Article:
Have you ever woken up to a sore jaw or to someone complaining about the gnashing sound your teeth make while you were asleep? You could be suffering from bruxism, one of the most common sleep disorders.
Before we delve further into bruxism, let us talk about occlusion. Occlusion applies to any contact between the lower and upper teeth in any position of the lower jaw. Contact is made between upper and lower teeth as in clenching, grinding and sometimes with soft tissue or foreign material.
Do you know that the total duration of tooth contact in a 24-hour period is 17.5 minutes with 9 minutes chewing contact and 8.5 minutes of swallowing contact? Excessive occlusal stresses can occur where stress exceed tissue adaptation in the mouth and therefore cause occlusal trauma. Occlusal trauma is the damage to the supporting tissues when subjected to excessive occlusal trauma.
What causes excessive occlusal stresses?
- Abnormal or parafunctional activity
- Dental treatment
- Occlusal disharmony
- Destruction of the gum tissues by periodontitis
Parafunction means outside the range of functional activity. It is can be habitual in which the person is usually unaware or it may be associated with psychological factors, for example anger, anxiety or frustration. Oral parafunctional habits may include bruxism, mouth breathing and any other habitual use of the mouth unrelated to eating, drinking, or speaking.
What is bruxism?
Bruxism is a clenching or grinding habit when the individual is not chewing or swallowing. Teeth grinding is usually seen at night and it is caused by nervous tension or interferences in normal biting that leads to excessive loads on the tooth.
Types of bruxism
- Day time bruxism or diurnal – conscious or subconscious grinding along with parafunctional habits, usually silent
- Night time or nocturnal – subconscious grinding in rhythmic pattern
1) Local factors
a) Reaction to an occlusal interference
i) High or overbuilt dental restoration, Improper bite
i) Brain lesions, cerebral palsy, mental retardation, trauma
2) Other causes
b) Occupational factors
c) Medical ailments
Sleep bruxism usually go unnoticed by individuals. Only a small number develop symptoms that include jaw pain and headache. The first person to notice this clenching teeth habit would usually be your parent or sleeping partner, though that would be times where you will awake with bruxism pain.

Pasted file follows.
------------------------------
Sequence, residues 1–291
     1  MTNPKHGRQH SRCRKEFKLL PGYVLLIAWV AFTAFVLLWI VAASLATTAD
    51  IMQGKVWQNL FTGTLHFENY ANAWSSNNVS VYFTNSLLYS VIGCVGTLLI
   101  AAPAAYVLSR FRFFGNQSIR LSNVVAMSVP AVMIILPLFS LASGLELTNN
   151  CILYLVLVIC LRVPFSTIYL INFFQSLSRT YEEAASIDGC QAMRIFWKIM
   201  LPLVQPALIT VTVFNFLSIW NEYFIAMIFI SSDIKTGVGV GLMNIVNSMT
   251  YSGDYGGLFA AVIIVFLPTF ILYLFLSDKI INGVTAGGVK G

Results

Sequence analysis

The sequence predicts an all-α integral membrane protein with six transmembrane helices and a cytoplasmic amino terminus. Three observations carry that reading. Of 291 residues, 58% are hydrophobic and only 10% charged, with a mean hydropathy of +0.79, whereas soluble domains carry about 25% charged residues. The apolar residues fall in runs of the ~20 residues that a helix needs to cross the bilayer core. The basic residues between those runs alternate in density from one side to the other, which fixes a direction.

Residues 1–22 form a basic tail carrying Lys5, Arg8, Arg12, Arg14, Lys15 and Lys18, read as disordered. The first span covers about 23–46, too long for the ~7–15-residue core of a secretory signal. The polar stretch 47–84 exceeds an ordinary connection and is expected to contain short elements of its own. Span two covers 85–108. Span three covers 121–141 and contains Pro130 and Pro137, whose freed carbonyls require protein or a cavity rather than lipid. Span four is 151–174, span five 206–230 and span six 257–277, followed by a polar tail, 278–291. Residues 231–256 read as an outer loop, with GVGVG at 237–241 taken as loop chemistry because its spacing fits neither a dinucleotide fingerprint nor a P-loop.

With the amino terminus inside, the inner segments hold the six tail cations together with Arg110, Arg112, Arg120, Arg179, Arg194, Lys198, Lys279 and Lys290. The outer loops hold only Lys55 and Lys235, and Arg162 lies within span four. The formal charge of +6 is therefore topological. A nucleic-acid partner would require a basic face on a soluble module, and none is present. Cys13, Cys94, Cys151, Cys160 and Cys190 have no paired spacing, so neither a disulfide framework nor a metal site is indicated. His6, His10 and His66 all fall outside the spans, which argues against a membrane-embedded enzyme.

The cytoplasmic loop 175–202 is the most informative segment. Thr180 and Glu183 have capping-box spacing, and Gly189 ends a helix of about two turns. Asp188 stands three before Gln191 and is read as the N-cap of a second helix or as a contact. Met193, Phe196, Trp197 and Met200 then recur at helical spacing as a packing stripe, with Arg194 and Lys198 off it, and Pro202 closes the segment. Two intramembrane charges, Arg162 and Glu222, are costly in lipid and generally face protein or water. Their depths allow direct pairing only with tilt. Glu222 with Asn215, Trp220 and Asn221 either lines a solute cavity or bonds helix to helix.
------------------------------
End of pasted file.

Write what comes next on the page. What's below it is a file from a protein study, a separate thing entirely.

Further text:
Individuals with grinding teeth habits may present with the following symptoms:
- Stress or anxiety
- Ear pain
- Neck pain
- Sore jaw
- Loose teeth
- Gum recession
Common signs include:
- Advanced attrition (tooth wear) – shiny wear facets that could only be produced in extreme positions of jaw movements.
- Tooth sensitivity due to the abnormal tooth wear that abrades the hard enamel layer away, exposing the soft dentine layer below. Tooth decay or fracture may follow.
- Occlusal trauma leading to increased tooth mobility that does not proportionate to the degree of gum inflammation or amount of gum recession.
- Tenderness and fatigue of jaw muscles usually those involves in chewing due to excessive jaw movements.
- Temporomandibular joint (TMJ) dysfunction – clicking of jaw joint heard or dull pain felt usually on one side.
Changes that occur in bruxism
- Damage to the teeth and its supporting tissue (periodontal ligament and bone).
- Affects the proprioceptive (the ability to sense the position and location and orientation and movement of the body and its parts) nerve endings and impairs protective reflexes.
- Abnormal jaw muscle activity.
- Temporomandibular joint (TMJ) dysfunction.
Diagnosis of bruxism
The most reliable diagnostic technique is measuring EMG (electromyography) that picks up electrical signals from masseter and temporalis (the chewing muscles). Tooth wear alone would not be able to confirm the diagnosis for that are many causes for tooth wear. A regular visit to the dentist could allow symptoms such as jaw muscle tenderness and tooth wear to be detected and subsequent treatment to be commenced.
- Reassurance by your doctor or dentist. If detected early on, eliminating the cause(s) of bruxism may cure the disorder, though habit modification may be required if the disorder has turned habitual.
- Occlusal adjustment – Selective grinding of tooth surface to reduce disharmony between tooth contacts.
- Occlusal splints or mouth guards – vulcanite or plastic splint to cover some or all the upper and lower teeth surfaces in order to reduce tooth wear and muscle strain.
- Psychotherapy – counseling for tension relief and habit awareness to increase voluntary control.
- Relaxation training, for example hypnosis and behavior conditioning.
- Dental restoration – Root canal therapy may be required for those with severe tooth wear and sensitivity. Damaged teeth can be replaced with dental crowns.